Happy Friday everyone! Can you believe that we have made it through another week already? I stumbled upon an article early this week on Yahoo Finance that included an interview with both Warren Buffett and Bill Gates. Gates was in town for the annual Berkshire Hathaway annual meeting and he and Warren are known to be good friends. What stuck out to me about this particular article was one of the topics covered – internet sales tax. I don’t know about you, but I HATE going shopping. And when I say hate, I do not throw around that term loosely. There are few things that I dislike more than shopping. I will do whatever I can to avoid it. I don’t know if it’s the money I am spending, dealing with the crowds or just the fact that I hate malls. Truth be told, it’s likely a combination of all three. My solution, and the one for many for us, is to shop online. I love Amazon or any online store for that matter I can take care of my shopping at any time of the day or night, I can do it from the comfort of my own home and I can usually score a pretty nice savings. Part of that savings is not having to pay for sales tax on internet purchases. While it’s not always a big amount, it usually saves you at least a few dollars with each purchase.
During the interview both Buffett and Gates were asked about their views on the internet sales tax. They were asked, I am assuming, because there is legislation working its way through Congress right now that would require online retailers collect sales tax if they have more than $1 Million in annual sales outside their home state. Not surprisingly, to me at least, both Buffett and Gates said they support the measure as a way to bring fairness to the retail landscape. I’ll be upfront now, I am not certain where I stand on this proposal and can see it from both vantage points and think both sides have some valid reasoning behind them. On one hand, I know that many brick and mortar retailers have felt the pinch through either showrooming or the inability to match the pricing offered by many online retailers. This, at some level, has impacted jobs as we have seen numerous brick and mortars close down over the last few years. Looking at it from store owners’ perspective, I can understand how they’d feel if they had people walk in their door find something they like and simply walk out because they can get it tax-free plus cheaper on the web. You could argue that they’re seeing this due to an inability to keep up and adapt to the changing marketplace, and that certainly would be correct to a point.
On the other hand, you look at a giant like Amazon and see how they have benefitted from not having to collect sales tax. Not only are they usually cheaper, but you’re also generally able to get your shopping done tax free. It’s great for us as consumers because we get to possibly stretch our budget further and buy more of what we want. However, is it really fair for online retailers to have this advantage…especially considering how many states are suffering from budget shortfalls? Wouldn’t they be able to benefit from consumers having to pay an internet sales tax? Sure they would, but would they manage the influx of funds appropriately…that’s a different question. This brings up an interesting predicament where not only are the rights of the consumer in play, but also the potential for brick and mortar stores to have a fair fight against online retailers. I personally do not think an internet sales tax is a simple cut and dry answer to the “problem.” Eventually, we’ll see online retailers adapt to stay in front of the changing market space. So far as the Frugal Rules household is concerned, we’ll continue to shop online even if the internet sales tax is enacted as convenience trumps the sales tax for us.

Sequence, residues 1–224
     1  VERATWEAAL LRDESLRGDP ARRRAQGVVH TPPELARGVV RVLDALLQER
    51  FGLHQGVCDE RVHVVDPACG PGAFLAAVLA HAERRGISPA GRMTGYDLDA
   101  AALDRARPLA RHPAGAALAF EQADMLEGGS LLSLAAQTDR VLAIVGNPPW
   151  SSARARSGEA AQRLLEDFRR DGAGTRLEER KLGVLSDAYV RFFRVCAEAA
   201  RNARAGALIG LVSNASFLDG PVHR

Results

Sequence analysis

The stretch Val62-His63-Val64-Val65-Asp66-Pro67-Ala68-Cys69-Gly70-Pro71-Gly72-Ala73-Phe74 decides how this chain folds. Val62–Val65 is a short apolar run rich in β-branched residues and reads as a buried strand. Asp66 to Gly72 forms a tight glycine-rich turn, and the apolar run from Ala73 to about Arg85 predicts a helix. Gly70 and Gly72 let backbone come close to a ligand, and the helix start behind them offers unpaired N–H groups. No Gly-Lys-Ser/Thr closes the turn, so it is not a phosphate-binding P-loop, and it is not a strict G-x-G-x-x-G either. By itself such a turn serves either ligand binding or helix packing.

Blog Post of the Week
Why I Will Never Regret a Dime Spent on Vacations on The Happy Homeowner
I absolutely loved this post by Jen. It’s likely because I love to travel myself. Jen describes the memories you’re able to create and the experiences you’ll have through traveling the world. Traveling the world is not cheap by any means, but it really comes down to seeing your money as a tool to do what you want to accomplish. Would you rather use that money on stuff that won’t last, or would you rather use it to create experiences that you can take with you for many years. I remember when the travel bug bit me; I was 9 and my parents took us to Europe. I was instantly hooked. If this sounds like something you would like to explore then I encourage you to check out Jen’s post and stick around to see her pictures of Dubai…they’re so breathtaking that I just added Dubai to my list of places to visit.
Other Blog Posts That Ruled
Three Hands and an Action Plan – I’m a Mom on the Go on Canadian Budget Binder
The Dow at 15,000 – Now What? on Thrift Genuity
10 Reasons Why People Cannot get out of Debt on Out of Your Rut
When I Would Rather Spend Than Save on Debt RoundUp
Do You Trust Your Partner With Money? on Monster Piggy Bank
How to Navigate the Financial World after Graduation on The Heavy Purse
Odd Search Terms
Games of Thrones is my favorite show…Maybe you’d like to watch it on a new TV!
Hate being employed but hate being self-employed…Maybe panhandling is in your future
$1 Mother’s Day present…Don’t go overboard now!
Finance to meet festival expenses…Thankfully I’ve paid off my last festival loan
I have left your job…Good, I didn’t like it either!
What can you tell me…I don’t know, I wasn’t paying attention
Criminals working in fast food joints…You’d think you were in a prison cafeteria
Mother’s Day Game of Thrones gifts…Looking for some petrified dragon eggs for your Mother of Dragons, are you?
What are your thoughts? Would you stop buying things online if there was an internet sales tax enacted? Do you have anything fun planned for this weekend?
Photo courtesy of: Ihasb33r